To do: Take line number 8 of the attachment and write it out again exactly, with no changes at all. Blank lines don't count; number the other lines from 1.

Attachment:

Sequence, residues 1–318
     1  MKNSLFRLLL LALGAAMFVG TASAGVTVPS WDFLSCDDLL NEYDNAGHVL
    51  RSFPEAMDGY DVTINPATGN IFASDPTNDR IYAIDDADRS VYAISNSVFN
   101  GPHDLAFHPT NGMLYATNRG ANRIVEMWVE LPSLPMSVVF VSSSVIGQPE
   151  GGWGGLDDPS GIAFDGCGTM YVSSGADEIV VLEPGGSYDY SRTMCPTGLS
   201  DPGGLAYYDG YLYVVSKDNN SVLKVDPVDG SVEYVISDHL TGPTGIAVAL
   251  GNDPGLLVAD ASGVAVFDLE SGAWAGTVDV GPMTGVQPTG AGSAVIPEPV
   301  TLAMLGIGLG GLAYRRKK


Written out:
   301  TLAMLGIGLG GLAYRRKK